With an aerostat in the air above the camp and a strong wireless network signal being broadcast around them, telemedicine and distance learning services can be offered to refugee camps via video teleconferencing (VTC). Additionally, based on the available payload, the TPS could effectively make life safer and better for refugees who are already dealing with difficult circumstances.
On The Move
TPS is capable of providing a less expensive means to rapidly deploy C3ISR capabilities as well as the means to gather and disseminate intelligence in theater.
Expeditionary forces that simply don’t have the resources to use terrestrial networks for voice, data and video connectivity can effectively utilize the TPS to construct a 1,000 foot cellular tower that provides them with all of their collaboration and information sharing needs within minutes. The TPS solution is easily towed as a single trailer.
This means that high-bandwidth IT services and capabilities can be deployed quickly and effectively anywhere coalition forces are stationed or on patrol. When deployed, the TPS can provide reconnaissance for miles at a fraction of the cost of a traditional UAV.
The satellite connectivity of TPS ensures that all video intelligence gathered can then be distributed anywhere in the world—even to senior military decision makers back at home. These are just a few of the almost unlimited use cases of the TPS.
A Piece Of Home
We’ve come to expect an incredible amount of connectivity as Americans. When we’re at home, we have high bandwidth connections and WiFi networks to allow us to connect mobile devices and smart devices from anywhere in and around our property. When we’re on the road, we expect that the only way to lose a cellular signal from our provider is to move far, far off the beaten path.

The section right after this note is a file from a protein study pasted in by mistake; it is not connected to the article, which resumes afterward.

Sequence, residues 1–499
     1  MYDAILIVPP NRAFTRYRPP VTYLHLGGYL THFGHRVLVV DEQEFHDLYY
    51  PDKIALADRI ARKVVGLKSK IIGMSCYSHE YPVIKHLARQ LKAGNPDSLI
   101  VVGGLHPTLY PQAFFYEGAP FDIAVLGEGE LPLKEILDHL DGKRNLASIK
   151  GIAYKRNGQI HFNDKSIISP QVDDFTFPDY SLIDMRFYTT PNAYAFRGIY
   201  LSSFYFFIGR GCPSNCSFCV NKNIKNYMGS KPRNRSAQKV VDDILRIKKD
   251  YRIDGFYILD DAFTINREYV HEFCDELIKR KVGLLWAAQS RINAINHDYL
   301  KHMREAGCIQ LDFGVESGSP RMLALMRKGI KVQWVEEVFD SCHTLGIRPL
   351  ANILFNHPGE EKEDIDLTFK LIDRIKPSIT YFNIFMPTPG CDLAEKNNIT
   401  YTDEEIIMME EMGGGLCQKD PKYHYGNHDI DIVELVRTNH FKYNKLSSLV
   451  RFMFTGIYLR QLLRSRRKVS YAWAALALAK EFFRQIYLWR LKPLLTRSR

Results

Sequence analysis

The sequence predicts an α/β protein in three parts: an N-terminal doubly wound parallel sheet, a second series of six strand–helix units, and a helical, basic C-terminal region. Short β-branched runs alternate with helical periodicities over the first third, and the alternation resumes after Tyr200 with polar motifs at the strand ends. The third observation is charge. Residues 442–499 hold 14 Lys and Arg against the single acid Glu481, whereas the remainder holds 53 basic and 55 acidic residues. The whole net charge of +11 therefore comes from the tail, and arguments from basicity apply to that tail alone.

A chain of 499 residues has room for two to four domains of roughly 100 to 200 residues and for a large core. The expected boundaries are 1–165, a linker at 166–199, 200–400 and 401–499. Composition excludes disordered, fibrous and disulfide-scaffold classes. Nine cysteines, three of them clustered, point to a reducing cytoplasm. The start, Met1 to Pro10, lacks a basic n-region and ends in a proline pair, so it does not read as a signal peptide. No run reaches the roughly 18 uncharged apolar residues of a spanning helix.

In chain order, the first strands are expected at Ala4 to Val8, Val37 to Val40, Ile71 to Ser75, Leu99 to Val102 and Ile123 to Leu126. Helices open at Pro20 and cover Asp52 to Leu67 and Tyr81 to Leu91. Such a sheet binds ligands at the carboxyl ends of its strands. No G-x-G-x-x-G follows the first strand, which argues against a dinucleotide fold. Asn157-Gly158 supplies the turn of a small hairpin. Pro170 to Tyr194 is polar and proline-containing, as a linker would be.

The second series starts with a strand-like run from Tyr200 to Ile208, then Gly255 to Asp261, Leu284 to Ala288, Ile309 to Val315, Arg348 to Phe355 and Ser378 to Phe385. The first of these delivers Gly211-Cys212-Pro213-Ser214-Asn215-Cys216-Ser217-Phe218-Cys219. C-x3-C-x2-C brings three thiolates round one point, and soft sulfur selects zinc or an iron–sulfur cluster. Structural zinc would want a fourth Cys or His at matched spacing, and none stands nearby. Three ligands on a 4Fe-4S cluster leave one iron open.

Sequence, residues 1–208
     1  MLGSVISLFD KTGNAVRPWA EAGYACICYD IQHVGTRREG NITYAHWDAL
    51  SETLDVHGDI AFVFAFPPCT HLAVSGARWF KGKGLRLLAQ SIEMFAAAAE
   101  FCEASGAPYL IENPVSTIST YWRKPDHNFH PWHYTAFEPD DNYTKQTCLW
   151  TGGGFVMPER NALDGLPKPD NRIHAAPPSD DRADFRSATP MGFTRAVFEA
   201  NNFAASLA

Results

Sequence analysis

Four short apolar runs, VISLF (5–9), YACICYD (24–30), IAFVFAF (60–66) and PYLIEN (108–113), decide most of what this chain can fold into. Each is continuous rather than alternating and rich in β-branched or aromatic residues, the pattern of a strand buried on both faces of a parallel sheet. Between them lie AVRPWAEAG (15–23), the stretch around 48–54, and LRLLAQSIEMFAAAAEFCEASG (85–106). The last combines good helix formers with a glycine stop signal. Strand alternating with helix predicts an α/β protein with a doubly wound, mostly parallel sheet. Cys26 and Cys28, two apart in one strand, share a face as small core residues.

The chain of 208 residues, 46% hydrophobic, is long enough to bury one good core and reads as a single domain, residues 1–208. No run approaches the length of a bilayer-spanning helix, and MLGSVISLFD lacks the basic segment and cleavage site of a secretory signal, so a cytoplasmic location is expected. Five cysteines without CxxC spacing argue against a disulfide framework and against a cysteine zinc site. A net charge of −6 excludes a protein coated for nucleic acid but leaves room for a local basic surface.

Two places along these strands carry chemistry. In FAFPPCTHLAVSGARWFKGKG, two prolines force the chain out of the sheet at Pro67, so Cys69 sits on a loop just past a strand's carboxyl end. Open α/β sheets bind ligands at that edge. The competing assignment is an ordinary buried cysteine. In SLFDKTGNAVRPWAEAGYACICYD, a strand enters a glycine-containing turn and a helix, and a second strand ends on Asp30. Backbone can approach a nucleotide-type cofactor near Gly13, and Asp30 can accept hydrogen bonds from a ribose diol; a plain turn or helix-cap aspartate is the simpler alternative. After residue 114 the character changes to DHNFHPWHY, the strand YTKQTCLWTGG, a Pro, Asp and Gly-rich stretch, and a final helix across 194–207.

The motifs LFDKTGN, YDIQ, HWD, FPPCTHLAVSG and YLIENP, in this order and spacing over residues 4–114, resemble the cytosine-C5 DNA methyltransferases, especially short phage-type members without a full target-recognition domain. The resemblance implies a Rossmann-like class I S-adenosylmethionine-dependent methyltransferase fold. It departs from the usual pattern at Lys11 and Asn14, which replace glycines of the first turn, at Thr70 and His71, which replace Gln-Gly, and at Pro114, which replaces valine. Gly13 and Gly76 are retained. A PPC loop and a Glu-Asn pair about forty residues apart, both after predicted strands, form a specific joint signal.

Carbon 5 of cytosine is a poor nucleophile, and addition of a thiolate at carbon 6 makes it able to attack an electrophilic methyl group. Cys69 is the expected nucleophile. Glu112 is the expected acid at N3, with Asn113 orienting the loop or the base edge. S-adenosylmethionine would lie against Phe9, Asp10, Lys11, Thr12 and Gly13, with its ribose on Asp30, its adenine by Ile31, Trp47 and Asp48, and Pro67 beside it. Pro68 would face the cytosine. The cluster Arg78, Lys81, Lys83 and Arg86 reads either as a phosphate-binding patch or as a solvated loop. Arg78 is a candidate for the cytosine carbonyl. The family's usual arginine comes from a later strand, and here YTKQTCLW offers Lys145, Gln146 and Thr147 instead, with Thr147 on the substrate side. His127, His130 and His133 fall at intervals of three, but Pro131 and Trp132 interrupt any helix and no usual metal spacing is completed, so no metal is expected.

However, that’s not what our government employees, military personnel and coalition partners experience in the austere and disaster relief conditions when they find themselves abroad.
The demonstration of the satellite-enabled TPS was truly amazing to me. Seeing the aerostat deployed and the services that it could deliver made something abundantly clear—we’re entering an age where IT is critical and where a network can literally be deployed immediately in any place and at any time.
Additional information is available at these links...
SES launches surveillance and communications system
Tactical Persistent Surveillance (TPS) overview video
These articles are republished, courtesy of GovSat Report (ses-gs.com/govsat), and Executive Editor Ryan Schradin. He is a communications expert and journalist with more than a decade of experience and has edited and contributed to multiple, popular, online trade publications that are focused on government technology, satellite, unified communications and network infrastructure. His work includes editing and writing for the GovSat Report, The Modern Network, Public Sector View, and Cloud Sprawl.
His work for the GovSat Report includes editing content, establishing editorial direction, contributing articles about satellite news and trends, and conducting written and podcast interviews. Ryan also contributes to the publication’s industry events and conference coverage, providing in-depth reporting from leading satellite shows.
The GovSat Report is sponsored by SES Government Solutions (ses-gs.com/govsat).